My Account

Housing matters, for the homeless and for all of us

Date: Tuesday 19 February 2019
Author: Councillor Liz Jaeger
Title: Deputy Leader and Cabinet Member for Housing and Community Safety

Last week I visited our excellent local charity SPEAR.

The organisation has done so much over the last 30 years and more to help the homeless in Richmond Borough.

Their reach now extends to neighbouring boroughs where they help rough sleepers to come off the streets and rebuild their lives. SPEAR’s efforts are needed now more than ever and, as a Council, we remain committed to supporting their work.

But SPEAR’s work is just one part of a complex landscape of housing need.

The crisis of housing affordability is painfully clear to our younger residents, and to many of us seeing our children struggle to live well in London.

As a Council we are determined to increase the amount of affordable housing in the borough. We will do this by pursuing robustly the affordable housing policies stated in our borough local plan, and housing strategy, and reinforced by the London Mayor’s targets. A minimum of 35% affordable housing on development sites is expected and ideally 50%, particularly on public land being bought forward for development.

With our extensive parks and open spaces, Richmond has fewer development opportunities than most London boroughs. All the more important therefore that the ones we have provide a decent level of affordable homes. A current test will be how things work out on the Mortlake Brewery site, where the 17% affordable housing being offered by the developer was considered unacceptable, particularly in light of the fact that this was an industrial site.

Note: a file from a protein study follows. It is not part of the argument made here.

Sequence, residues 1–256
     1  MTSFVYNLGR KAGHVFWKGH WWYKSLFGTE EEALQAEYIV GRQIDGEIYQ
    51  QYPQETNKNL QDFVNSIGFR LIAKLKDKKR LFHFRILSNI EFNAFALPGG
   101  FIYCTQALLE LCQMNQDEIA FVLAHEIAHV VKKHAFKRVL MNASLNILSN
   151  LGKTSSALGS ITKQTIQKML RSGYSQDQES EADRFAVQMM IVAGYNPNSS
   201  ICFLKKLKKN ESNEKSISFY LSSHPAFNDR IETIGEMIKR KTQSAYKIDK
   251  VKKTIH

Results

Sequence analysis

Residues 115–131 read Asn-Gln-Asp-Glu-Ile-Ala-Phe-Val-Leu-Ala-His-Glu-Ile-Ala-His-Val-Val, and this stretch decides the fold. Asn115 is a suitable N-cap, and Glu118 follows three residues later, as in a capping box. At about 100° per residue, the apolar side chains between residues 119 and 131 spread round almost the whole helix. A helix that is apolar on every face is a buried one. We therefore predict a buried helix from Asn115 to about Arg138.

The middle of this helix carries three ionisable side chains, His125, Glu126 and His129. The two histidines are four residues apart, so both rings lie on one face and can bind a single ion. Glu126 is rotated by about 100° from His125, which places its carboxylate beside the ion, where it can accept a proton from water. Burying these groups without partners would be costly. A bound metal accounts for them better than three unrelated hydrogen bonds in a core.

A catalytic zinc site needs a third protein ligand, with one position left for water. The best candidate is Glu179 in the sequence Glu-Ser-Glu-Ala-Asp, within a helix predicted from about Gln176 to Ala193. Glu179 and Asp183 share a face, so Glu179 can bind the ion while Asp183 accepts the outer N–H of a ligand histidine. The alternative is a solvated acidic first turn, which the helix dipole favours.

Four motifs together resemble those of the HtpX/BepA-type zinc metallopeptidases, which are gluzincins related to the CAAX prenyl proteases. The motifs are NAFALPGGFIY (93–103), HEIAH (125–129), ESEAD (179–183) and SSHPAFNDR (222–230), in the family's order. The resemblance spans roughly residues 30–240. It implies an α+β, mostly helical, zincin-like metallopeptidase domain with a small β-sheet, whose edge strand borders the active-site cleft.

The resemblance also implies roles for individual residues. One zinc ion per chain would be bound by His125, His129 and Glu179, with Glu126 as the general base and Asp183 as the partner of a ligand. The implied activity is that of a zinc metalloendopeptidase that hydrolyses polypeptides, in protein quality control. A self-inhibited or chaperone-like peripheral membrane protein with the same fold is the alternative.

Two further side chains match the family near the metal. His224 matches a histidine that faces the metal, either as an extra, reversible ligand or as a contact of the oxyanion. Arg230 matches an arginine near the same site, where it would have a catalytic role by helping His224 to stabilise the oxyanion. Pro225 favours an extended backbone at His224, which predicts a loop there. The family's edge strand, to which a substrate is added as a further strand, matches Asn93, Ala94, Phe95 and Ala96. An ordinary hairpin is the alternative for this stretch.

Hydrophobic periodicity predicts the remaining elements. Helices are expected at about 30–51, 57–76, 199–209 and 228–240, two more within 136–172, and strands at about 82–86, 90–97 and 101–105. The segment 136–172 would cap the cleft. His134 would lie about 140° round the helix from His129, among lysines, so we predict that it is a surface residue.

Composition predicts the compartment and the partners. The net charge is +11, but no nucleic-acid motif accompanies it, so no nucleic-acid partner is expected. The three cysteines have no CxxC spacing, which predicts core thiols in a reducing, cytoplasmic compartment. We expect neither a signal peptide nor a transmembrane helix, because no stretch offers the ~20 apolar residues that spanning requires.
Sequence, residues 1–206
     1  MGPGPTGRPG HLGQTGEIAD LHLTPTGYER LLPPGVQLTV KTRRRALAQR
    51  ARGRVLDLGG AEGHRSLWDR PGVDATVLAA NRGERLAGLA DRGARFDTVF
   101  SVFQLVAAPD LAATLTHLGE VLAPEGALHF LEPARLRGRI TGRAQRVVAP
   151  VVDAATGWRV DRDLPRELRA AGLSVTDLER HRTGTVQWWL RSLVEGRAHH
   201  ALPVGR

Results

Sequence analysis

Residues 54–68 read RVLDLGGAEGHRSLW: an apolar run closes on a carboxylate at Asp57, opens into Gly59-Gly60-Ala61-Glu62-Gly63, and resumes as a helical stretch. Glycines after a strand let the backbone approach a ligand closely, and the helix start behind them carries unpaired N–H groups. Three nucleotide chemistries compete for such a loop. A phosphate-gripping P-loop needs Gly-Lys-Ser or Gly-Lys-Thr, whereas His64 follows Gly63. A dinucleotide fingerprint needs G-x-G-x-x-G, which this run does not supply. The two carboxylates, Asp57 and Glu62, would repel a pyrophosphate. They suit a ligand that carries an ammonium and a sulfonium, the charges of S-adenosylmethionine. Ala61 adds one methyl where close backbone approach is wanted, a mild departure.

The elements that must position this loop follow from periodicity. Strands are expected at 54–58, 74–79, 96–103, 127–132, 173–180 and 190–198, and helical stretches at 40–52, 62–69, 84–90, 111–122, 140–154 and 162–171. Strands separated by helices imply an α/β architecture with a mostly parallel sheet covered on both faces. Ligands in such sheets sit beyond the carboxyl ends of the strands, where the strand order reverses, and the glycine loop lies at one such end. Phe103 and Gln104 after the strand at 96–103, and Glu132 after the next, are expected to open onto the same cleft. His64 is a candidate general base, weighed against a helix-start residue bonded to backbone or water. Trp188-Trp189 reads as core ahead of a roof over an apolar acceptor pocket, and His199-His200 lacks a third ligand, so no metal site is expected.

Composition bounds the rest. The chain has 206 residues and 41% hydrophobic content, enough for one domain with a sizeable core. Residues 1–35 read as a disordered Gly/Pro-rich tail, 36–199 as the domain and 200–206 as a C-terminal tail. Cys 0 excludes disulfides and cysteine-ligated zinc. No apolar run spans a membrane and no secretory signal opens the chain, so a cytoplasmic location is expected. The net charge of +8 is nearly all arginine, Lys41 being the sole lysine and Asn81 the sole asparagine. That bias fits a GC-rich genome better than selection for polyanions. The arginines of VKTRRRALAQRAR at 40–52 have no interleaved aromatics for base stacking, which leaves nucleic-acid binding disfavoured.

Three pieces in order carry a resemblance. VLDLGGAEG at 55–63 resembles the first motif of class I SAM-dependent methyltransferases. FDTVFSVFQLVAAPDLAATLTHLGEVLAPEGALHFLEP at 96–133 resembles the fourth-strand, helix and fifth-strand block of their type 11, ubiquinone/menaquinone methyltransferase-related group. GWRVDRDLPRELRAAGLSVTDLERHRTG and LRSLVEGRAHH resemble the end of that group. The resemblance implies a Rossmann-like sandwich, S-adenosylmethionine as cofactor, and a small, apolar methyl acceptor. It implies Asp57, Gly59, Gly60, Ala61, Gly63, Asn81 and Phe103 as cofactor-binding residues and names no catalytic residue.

The Council can and will use its own land to deliver affordable homes, but we don’t have that much of it going spare. A handful of our own sites are being progressed, which should deliver a good 100 homes, all of them affordable.

We also committing over £17m to support affordable housing development and our call to housing associations and private developers is to speak to us as to how we can use this resource so more housing options are available to our residents on low to middle incomes. Genuinely low-cost homes to rent and to buy.

An example of how the council’s land and grant funding can be used, is to support Richmond Housing Partnership to deliver additional genuinely affordable homes as part of the intended redevelopment, with Richmond Housing Partnership, of Ham Close. This scheme will deliver 452 homes, up to half of which will be affordable.

Another use for this housing fund will be to deliver a first-time buyer shared equity scheme, rather like the government’s help-to-buy but for people in our borough in affordable housing who are thinking of getting on the housing ladder. This would free up their affordable home for re-letting. A good way to make the most of what we’ve got.

There are also opportunities to free up the social housing stock by encouraging older people who are under occupying to downsize. Our ‘sponsored moves’ scheme encourages this, as do programmes that upgrade or redevelop sheltered housing schemes in the borough. The redevelopment of Somerville House in my own ward, Whitton, will be a very attractive example, providing 24 homes built to the latest hosing quality standards.

However, most opportunities in the foreseeable future to deliver affordable homes at scale will come from large sites being built out by private developers and we would hope our housing association partners. It is imperative that more realistic assessments of land costs and profits emerge to deliver a better functioning new build housing market.

It’s no secret that housing affordability is one of the biggest challenges we face as a city. And we know the tightrope we need to walk to balance the growth of housing with all the other things we all need and value – green space, and accessible transport for example. But we are committed to doing all we can to meet those challenges.

Updated: 24 March 2021